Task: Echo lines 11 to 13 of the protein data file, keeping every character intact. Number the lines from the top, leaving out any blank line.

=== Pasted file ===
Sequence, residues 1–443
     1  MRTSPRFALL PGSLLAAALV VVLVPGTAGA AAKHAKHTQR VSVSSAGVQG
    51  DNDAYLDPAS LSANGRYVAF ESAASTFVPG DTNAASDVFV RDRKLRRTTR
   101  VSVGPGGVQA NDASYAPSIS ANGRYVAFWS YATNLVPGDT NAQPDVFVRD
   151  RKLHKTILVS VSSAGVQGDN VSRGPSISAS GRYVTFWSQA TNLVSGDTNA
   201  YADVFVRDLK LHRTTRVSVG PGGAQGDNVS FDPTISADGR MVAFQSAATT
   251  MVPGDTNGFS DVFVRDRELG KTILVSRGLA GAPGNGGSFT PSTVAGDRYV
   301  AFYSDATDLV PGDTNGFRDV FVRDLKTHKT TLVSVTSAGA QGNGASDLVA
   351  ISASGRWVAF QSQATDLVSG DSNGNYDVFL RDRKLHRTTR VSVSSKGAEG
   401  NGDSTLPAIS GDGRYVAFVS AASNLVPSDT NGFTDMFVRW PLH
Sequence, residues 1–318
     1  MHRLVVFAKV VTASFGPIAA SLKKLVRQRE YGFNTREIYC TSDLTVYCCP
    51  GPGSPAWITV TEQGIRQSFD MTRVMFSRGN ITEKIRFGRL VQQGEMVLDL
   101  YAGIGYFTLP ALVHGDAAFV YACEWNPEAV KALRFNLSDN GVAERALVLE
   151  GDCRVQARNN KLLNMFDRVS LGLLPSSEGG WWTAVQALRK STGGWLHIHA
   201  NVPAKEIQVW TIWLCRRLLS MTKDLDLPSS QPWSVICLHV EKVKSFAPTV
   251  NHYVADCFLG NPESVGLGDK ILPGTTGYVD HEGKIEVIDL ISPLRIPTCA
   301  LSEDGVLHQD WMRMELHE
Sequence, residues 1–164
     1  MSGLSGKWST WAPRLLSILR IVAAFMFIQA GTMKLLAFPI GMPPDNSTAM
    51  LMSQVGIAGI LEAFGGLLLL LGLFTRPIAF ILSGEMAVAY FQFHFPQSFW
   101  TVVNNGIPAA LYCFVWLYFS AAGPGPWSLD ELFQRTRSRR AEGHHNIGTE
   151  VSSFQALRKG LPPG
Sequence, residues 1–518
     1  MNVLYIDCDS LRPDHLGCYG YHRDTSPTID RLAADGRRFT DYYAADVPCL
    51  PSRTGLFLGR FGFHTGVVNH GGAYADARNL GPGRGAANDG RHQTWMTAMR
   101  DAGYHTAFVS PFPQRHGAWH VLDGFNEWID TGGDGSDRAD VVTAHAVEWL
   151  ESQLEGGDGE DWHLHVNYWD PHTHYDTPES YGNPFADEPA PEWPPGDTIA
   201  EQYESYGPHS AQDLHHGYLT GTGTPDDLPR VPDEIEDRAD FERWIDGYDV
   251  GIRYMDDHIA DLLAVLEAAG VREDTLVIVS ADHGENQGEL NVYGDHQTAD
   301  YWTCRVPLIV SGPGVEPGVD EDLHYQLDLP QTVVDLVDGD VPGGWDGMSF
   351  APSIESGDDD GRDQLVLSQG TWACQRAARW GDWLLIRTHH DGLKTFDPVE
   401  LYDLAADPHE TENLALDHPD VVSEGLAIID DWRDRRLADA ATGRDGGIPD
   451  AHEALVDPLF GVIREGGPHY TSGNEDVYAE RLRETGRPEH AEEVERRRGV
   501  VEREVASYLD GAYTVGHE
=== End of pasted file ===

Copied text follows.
Sequence, residues 1–318
     1  MHRLVVFAKV VTASFGPIAA SLKKLVRQRE YGFNTREIYC TSDLTVYCCP
    51  GPGSPAWITV TEQGIRQSFD MTRVMFSRGN ITEKIRFGRL VQQGEMVLDL